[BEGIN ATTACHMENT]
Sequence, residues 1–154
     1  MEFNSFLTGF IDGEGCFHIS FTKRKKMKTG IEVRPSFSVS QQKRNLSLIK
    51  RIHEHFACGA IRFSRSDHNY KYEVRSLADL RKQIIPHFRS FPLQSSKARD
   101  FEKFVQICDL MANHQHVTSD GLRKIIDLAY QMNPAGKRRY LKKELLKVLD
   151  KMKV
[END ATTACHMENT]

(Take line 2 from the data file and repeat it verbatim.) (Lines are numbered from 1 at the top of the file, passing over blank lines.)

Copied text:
     1  MEFNSFLTGF IDGEGCFHIS FTKRKKMKTG IEVRPSFSVS QQKRNLSLIK